|Phad Phak Ruam Mitr|
My wife ordered a vegetarian dish, Phad Phak Ruam Mitr ($7.29), a mixed vegetable stir-fry with broccoli, onions, garlic, carrots, bell peppers, snow peas, Napa cabbage, scallions, baby corn and tofu and served with Jasmine rice. It was light and delicious, not too spicy for an Italian not used to eating hot and spicy foods (penne arribiatta is as hot as it gets in Italian cuisine). The vegetables were fresh and crisp, and the sauce light yet complex enough to satiate the palate.
|Green Curry ($7.69) with Beef ($2.69)|
On our next visit I wanted to try the Green Thai Curry ($7.69 – green curry with bell peppers, eggplant, and bamboo shoots), but I hate bamboo shoots because they have the consistency of Styrofoam and zero taste, so I asked the server (Zana) if I could substitute potatoes. Yellow and green Thai curries are excellent and normally are served with chicken, pork, or beef (chicken is the norm) with potato and peas, so I was dismayed when I saw bamboo shoots as an ingredient. Bamboo shoots and water chestnuts, another dreaded ingredient, are usually found in Chinese cuisine, not Thai, so I thought potatoes would be a rather benign request.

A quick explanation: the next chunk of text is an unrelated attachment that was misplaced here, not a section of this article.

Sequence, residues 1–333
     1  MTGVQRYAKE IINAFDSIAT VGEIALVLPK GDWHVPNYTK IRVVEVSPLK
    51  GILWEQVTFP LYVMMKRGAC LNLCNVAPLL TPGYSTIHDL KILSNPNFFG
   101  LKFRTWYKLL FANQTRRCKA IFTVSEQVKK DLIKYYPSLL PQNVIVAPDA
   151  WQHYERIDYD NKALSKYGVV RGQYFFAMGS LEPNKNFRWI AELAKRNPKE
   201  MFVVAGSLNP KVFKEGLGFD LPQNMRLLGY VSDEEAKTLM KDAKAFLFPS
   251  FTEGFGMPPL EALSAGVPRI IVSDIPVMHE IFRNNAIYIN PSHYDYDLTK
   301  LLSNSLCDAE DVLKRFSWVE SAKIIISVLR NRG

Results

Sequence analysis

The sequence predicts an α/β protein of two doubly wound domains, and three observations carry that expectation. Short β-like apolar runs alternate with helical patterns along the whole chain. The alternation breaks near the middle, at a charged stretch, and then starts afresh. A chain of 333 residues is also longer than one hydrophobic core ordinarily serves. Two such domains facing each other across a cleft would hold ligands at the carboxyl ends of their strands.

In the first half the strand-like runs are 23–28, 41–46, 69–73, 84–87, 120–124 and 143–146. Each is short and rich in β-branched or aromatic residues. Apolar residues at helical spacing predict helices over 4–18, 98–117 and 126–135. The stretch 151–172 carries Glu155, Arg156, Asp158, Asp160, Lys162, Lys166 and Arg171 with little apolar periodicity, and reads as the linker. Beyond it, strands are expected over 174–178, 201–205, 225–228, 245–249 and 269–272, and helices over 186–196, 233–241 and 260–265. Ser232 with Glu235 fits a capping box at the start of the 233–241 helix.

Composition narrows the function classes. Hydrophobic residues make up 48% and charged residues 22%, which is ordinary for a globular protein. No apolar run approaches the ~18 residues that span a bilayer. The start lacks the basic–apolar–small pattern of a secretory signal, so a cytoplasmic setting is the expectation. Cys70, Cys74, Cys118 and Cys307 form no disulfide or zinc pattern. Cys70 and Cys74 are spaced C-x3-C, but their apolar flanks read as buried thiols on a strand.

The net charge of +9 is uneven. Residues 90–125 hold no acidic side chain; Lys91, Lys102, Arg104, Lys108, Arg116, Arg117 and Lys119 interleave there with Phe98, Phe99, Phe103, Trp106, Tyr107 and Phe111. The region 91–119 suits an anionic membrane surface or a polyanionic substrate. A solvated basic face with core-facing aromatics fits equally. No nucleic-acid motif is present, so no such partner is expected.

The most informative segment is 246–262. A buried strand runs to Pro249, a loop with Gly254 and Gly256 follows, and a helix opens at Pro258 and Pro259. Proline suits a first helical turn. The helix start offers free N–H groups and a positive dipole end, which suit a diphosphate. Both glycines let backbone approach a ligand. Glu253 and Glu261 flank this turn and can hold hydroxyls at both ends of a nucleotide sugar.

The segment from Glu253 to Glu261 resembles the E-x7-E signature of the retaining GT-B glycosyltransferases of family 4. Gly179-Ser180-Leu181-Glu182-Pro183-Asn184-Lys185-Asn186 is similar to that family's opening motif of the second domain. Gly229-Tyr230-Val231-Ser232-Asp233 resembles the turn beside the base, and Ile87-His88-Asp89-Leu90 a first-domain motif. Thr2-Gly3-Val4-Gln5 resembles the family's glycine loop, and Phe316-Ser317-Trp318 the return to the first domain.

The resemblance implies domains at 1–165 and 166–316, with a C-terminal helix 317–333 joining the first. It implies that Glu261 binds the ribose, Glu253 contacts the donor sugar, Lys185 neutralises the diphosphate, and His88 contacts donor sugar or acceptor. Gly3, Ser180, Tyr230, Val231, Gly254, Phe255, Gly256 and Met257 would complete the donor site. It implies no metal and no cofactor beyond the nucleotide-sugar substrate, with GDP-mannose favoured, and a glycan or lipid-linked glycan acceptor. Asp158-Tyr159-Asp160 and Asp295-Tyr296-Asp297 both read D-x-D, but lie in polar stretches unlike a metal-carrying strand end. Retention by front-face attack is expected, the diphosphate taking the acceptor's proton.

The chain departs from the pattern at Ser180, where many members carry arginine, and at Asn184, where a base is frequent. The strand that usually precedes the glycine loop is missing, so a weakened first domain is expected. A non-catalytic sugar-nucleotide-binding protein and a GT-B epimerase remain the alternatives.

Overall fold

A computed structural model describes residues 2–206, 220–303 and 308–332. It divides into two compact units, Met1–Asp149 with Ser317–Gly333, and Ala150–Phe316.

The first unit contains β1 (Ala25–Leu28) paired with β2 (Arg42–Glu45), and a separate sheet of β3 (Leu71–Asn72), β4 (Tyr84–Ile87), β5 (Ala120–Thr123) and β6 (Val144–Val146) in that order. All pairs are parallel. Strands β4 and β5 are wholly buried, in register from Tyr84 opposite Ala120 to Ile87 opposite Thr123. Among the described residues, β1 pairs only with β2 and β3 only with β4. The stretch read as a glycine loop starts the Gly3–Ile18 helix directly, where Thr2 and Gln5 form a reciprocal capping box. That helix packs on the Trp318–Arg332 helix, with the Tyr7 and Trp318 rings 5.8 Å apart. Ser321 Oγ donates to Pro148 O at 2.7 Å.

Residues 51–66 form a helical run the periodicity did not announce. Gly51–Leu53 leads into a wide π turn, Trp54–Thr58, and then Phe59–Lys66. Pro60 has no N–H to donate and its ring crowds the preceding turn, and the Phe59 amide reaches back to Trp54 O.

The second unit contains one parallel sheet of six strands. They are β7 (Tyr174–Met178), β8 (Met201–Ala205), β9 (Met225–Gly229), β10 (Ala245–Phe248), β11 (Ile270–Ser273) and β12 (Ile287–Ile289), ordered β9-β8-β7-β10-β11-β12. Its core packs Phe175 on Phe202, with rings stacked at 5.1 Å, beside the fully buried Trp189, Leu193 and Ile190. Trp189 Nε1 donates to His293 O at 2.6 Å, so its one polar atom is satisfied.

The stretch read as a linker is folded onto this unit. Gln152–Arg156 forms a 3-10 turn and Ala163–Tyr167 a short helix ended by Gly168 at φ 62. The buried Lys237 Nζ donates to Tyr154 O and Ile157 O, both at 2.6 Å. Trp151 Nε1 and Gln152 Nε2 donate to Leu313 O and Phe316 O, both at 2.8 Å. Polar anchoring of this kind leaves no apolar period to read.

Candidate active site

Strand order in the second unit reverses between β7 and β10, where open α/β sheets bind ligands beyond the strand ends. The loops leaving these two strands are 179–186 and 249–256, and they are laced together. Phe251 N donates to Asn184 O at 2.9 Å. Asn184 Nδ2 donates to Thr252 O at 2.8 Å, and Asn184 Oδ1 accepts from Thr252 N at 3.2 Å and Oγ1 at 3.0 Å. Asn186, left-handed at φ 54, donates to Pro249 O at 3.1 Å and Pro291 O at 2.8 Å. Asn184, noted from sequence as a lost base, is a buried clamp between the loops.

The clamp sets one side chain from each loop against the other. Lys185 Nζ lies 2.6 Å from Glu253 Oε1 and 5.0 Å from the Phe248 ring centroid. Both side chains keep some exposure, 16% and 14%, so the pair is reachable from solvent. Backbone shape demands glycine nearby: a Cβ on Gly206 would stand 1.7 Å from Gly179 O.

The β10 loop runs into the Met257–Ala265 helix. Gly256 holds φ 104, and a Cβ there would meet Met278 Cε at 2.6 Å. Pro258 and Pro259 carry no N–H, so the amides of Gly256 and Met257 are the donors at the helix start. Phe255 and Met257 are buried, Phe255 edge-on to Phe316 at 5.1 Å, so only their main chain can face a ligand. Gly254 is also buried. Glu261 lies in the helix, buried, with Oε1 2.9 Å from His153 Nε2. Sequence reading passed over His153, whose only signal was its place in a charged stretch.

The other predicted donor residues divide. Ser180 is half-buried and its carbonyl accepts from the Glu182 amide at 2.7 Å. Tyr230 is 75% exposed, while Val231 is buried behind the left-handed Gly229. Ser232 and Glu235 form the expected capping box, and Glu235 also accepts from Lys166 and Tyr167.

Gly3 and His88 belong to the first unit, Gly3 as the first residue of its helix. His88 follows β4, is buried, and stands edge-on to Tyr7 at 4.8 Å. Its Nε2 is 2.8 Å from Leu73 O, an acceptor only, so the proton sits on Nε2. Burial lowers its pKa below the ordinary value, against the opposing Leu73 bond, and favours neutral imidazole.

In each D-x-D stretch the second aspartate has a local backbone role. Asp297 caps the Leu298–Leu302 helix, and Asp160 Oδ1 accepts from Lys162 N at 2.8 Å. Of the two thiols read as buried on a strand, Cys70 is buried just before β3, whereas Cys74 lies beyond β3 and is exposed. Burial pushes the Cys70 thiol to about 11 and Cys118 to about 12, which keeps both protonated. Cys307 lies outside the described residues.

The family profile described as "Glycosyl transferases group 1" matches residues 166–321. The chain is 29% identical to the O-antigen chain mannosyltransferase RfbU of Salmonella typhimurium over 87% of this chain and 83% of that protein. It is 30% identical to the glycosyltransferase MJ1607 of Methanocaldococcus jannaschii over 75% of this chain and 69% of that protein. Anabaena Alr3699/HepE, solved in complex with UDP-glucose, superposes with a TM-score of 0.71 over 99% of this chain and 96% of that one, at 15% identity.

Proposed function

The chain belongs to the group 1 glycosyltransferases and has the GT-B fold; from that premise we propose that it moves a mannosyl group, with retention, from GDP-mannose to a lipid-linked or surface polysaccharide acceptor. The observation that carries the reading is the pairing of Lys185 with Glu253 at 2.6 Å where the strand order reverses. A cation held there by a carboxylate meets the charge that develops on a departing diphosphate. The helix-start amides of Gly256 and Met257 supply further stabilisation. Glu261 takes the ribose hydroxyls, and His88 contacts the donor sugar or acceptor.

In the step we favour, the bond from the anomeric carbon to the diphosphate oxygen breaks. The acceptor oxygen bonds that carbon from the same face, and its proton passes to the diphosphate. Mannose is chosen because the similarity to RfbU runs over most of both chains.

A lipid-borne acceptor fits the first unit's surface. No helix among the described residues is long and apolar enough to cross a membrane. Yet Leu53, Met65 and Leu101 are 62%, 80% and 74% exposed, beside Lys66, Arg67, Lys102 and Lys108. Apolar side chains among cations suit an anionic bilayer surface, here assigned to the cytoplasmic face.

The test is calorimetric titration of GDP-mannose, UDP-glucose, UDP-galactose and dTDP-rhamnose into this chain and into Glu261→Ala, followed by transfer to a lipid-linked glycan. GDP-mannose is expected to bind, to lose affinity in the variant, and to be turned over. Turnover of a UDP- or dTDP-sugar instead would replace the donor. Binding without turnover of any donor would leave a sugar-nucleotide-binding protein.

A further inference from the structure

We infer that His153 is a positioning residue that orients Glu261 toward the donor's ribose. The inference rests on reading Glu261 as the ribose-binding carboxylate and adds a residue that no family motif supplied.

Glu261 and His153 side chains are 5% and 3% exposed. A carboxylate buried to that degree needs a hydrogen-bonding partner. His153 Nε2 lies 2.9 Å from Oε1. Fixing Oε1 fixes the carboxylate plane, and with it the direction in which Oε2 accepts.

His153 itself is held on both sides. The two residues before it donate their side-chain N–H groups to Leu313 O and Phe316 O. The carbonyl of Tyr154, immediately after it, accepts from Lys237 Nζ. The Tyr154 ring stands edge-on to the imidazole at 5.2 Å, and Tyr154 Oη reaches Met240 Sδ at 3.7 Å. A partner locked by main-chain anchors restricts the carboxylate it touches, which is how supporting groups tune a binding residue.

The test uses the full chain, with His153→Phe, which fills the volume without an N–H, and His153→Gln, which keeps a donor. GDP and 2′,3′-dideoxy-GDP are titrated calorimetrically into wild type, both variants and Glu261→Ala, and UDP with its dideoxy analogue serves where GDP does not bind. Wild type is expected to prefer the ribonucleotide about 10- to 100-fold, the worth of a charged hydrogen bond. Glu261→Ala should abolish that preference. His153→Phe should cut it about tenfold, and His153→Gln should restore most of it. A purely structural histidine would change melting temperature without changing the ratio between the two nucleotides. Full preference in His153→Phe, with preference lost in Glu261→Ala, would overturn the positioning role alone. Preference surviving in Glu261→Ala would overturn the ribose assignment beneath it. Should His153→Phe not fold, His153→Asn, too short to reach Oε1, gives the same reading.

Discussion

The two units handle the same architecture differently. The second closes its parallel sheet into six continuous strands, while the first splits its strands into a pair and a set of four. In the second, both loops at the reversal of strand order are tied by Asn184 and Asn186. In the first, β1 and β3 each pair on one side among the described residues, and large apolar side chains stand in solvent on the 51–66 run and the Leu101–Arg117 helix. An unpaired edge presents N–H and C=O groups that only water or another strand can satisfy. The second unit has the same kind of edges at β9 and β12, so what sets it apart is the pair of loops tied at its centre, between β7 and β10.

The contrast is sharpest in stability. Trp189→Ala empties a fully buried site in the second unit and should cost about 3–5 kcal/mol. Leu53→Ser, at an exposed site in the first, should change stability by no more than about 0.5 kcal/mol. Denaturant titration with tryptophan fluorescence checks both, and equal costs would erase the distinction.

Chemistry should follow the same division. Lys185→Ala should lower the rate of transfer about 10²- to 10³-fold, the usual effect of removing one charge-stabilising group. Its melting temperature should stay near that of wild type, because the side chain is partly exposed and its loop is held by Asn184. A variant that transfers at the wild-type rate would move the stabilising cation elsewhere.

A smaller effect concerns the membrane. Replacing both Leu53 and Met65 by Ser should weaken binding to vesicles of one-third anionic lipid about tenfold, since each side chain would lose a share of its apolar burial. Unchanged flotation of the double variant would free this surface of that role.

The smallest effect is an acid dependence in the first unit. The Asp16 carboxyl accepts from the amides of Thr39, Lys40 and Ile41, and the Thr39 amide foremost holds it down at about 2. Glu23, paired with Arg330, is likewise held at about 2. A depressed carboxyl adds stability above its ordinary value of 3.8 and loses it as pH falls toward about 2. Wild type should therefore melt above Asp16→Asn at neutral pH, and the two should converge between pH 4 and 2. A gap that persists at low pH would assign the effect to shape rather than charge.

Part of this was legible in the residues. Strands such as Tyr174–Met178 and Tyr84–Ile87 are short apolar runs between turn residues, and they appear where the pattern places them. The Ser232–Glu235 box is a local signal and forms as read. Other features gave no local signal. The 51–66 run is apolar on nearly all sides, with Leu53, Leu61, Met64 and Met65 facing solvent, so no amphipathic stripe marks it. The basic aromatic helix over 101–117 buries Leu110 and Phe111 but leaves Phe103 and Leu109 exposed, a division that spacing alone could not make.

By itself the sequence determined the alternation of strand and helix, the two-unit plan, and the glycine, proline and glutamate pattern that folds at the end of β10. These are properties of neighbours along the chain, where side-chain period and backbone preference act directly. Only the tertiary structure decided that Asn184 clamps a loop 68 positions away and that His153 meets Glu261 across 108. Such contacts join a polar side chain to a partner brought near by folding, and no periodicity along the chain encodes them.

I was told that there would be a $1.00 up-charge for substituting potato for bamboo shoots! Considering the fact that potatoes are one of the cheapest staples in the produce department and much more pricey than an equal weight in potatoes, I declined and simply asked for the dish minus the water chestnuts and plus beef ($2.69 extra). The green curry was delicious, spicy enough for the pallet but not too much for my acid reflux. The bell peppers (red and green) were a bit too crunchy (raw) for my taste, but the dish was excellent. The “Jasmine” rice, which accompanies most dishes, seems to be merely white rice because I could neither taste nor see any hints of Jasmine. The beef, which I paid nearly $3.00 extra for, consisted of 3 or 4 pieces of thinly sliced beef and 1-2 inches in length, nearly non-existent. If there had been MORE MEAT, the dish would have been perfect, beside the fact that a couple of chunks of potato would have also been nice!